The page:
Singapore-based Qtum has launched its decentralized application (DApp) development platform on Amazon Web Services (AWS). With this launch, AWS users and developers will be able to develop and launch smart contracts using an Amazon Machine Image (AMI), made up of Qtum Core, Solidity and Qmix web IDE.
Qtum is a hybrid platform, developed by the Qtum Foundation, which uses the Account Attraction Layer, an interface layer, to merge the strength of Bitcoin’s blockchain with the Ethereum Virtual Machine to build decentralized applications. Designed as a toolkit, the platform uses the proof-of-stake model to reduce the network’s computational difficulty while mitigating and solving scalability.
Speaking to Bitcoin Magazine, Qtum Foundation CIO Miguel Palencia said, “Qtum’s launch in the AWS marketplace provides an easy-to-use and powerful cloud-based solution for end users and the Enterprise. Anyone who wants to develop/build DApps on the Qtum platform or use it as a staking node will benefit from this.”
One of the benefits of using the new Qtum AMI on AWS is the ease of getting started on the blockchain without the “hassle of handling dependencies.” The platform makes it possible for anyone to run a Qtum node or use Qtum pre-installed to launch a server on its mainnet or testnet.
According to Palencia, this is what makes the Qtum technology attractive to both small and large businesses. Companies can launch the servers without “having to spend a large amount of resources on infrastructure.” The Qtum AMI is also free for AWS customers to deploy a Qtum instance (server). Users can deploy a test network on the instance to simulate a public blockchain without paying a fee.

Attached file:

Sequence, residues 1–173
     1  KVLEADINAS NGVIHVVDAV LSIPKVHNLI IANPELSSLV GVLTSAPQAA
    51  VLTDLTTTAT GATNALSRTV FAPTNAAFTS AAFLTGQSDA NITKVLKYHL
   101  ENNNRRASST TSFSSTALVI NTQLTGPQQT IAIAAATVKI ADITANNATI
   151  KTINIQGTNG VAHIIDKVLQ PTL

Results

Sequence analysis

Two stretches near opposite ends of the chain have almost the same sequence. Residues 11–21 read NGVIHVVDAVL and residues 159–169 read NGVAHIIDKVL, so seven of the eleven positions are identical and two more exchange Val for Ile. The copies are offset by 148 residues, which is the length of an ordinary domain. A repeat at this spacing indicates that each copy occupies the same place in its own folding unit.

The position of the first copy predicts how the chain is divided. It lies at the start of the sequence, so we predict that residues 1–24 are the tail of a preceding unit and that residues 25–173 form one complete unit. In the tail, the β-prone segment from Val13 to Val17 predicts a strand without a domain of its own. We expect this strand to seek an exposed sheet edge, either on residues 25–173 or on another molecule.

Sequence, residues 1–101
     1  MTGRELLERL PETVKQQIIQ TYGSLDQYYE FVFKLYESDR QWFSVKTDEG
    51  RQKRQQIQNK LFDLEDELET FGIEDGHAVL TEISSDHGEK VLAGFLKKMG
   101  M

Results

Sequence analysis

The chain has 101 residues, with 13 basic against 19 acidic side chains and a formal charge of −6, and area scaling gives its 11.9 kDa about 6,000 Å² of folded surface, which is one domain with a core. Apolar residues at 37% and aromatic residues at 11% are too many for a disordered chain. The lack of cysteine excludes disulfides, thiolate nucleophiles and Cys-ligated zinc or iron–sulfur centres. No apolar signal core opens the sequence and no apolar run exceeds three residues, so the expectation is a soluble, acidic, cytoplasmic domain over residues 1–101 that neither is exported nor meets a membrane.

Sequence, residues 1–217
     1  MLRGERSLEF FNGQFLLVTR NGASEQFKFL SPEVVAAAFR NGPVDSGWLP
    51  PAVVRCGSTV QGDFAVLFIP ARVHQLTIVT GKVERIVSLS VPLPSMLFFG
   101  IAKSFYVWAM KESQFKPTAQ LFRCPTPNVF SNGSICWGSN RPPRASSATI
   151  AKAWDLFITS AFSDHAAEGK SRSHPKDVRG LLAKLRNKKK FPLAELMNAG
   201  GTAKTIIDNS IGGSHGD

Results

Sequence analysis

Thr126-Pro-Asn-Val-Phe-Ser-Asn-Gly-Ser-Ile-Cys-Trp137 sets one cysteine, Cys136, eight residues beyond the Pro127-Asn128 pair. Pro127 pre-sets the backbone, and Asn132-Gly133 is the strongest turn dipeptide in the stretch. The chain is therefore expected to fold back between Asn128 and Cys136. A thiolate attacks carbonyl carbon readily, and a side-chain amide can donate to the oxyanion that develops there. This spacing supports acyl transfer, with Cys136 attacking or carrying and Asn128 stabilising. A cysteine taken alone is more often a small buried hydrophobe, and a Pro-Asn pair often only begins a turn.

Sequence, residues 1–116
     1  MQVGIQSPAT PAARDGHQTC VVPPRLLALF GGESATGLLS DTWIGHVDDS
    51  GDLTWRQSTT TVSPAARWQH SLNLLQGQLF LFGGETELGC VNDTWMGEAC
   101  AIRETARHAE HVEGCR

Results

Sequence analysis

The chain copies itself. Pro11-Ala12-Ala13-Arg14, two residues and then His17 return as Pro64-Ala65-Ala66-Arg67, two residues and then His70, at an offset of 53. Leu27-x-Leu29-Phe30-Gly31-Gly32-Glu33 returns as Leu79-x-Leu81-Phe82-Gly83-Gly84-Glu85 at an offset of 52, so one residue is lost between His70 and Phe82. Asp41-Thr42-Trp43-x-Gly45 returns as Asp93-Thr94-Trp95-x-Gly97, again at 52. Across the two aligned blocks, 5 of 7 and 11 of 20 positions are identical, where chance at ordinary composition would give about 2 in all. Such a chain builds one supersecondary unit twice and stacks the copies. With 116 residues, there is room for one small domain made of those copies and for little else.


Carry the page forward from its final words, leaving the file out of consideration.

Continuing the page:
Among some of the features of the Qtum AMI is a Qmix development IDE — the development libraries and tools created for the desktop QT wallet — which launches by default. Users will also get the Qtum and Solidity compiler needed for building and executing smart contracts.
Amazon Web Services has been quite active in the blockchain space since it opened its arms to blockchain startups in 2016. Earlier this year, ConsenSys partnered with AWS to launch Kaleido, a service similar to Qtum’s, which simplifies the adoption and implementation of blockchain technology.
The difference between Qtum’s offering and Kaleido, according to Palencia, is that Qtum is not strictly for enterprise, “but for end users, as well as anyone wanting to create and build something on the Qtum blockchain.”